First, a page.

Many historical and legendary characters and events are mentioned in the poem, and the Danes, Swedes, and Geats provide the necessary background for Beowulf s long and eventful life. Both history and legend place the Danes and Swedes within the fifth and sixth centuries A.D.. The North Germanic Heroic ages reflect much of the medieval Icelandic prose and poetry. The Danes lived in what is now called Denmark and the southern tip of Sweden. Hrothgar, whose great hall was somewhere on the island of Zealand, is their king in the beginning of the poem. Other characters are accounted for in the course of the narrative in the rest of the poem. The Swedes, whose hostilities among themselves and against the Geats through three generations are featured in the installments during the final third of the poem, live in Sweden north of the Great Lakes.(Rebsamen; 38-35)
The action of Beowulf takes place in Scandinavia, where a troll like cannibalistic creature of the darkness named Grendal takes such a passionate exception to the constant revelry that he takes to the great hall of Herot, with a series on numerous attacks on the soldiers in the hall.
Somewhere in the land of Geats, a powerful young man identified as a retainer of King Higlac, whose name is later known to be Beowulf, hears of the horrible destruction and disregard of life. Beowulf with fourteen companions sets sail and goes to the Danes to attempt to slay the evil meat eating machine. By helping the Danes, Beowulf shows courage and loyalty.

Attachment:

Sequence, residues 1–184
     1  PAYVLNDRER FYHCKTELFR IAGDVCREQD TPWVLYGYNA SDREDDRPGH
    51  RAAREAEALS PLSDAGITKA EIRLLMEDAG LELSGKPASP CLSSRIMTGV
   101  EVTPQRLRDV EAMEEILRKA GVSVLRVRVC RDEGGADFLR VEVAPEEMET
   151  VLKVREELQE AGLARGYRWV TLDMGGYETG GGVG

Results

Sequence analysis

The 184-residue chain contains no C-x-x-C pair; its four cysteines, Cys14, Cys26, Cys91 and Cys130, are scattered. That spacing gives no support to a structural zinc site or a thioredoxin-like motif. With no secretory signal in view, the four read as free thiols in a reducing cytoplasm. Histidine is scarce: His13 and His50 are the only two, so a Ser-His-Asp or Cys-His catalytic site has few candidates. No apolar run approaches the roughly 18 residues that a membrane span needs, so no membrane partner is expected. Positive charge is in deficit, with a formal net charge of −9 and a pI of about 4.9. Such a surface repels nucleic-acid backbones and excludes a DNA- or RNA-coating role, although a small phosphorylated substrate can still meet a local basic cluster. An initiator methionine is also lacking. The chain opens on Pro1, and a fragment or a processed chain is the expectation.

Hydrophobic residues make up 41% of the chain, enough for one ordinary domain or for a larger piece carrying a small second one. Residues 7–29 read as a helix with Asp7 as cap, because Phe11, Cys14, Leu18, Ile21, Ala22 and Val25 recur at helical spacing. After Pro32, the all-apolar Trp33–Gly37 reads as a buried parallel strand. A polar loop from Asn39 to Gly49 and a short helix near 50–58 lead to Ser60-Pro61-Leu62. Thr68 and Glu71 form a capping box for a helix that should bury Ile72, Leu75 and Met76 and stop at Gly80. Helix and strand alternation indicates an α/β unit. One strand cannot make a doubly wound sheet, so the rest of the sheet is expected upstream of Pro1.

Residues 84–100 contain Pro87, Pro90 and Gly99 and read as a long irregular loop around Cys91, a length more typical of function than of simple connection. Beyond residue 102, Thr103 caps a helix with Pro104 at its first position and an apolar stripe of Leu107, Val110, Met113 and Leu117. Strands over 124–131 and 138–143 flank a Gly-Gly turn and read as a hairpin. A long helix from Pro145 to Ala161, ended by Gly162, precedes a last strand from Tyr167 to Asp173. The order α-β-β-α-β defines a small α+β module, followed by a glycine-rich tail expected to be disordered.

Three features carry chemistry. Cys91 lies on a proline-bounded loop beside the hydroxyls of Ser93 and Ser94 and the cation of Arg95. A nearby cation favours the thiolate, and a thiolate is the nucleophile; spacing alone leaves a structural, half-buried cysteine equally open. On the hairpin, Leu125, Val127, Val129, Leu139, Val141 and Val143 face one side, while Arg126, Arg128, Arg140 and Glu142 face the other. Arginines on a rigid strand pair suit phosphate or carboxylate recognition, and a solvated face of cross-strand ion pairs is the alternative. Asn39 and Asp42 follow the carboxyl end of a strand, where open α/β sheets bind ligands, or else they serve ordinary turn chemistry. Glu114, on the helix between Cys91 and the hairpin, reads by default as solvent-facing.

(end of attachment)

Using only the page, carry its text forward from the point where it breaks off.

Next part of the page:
Beowulf illustrates some important aspects of time and history. There are three major principals of organization in the poem. From the point of view of emotional intensity, Beowulf divides into three sections centering and turning upon each of the hero s mortal fights with Grendal, Grendal s mother and the fire-breathing dragon. From the point of view of chronology, it divides into two sections centering and turning upon the hero s daring adventures as a young man and his exemplary deeds as an old king. From the point of view of narrative sequence, it again divides into three parts centering upon the hero s adventures in Denmark, his own accounts of those adventures, his great deed and indirect reference by various characters such as Hrothgar and Unferth. With the exception of a few reminiscences and indirect reference by various characters, the setting concluding Beowulf s return from Denmark to his homeland handles time in a basically linear manner, leaving no question on the chronology of events that unravel in the poem. (Tolkien 4-19)
The evidence is open both to question and to interpretation, in addition, it seems to have been successfully manipulated by the poet for artistic purposes. It is solid enough to suggest a degree of historicity behind a fair portion of the materials in Beowulf. This enables the reader to locate the actions of a sixth century poem.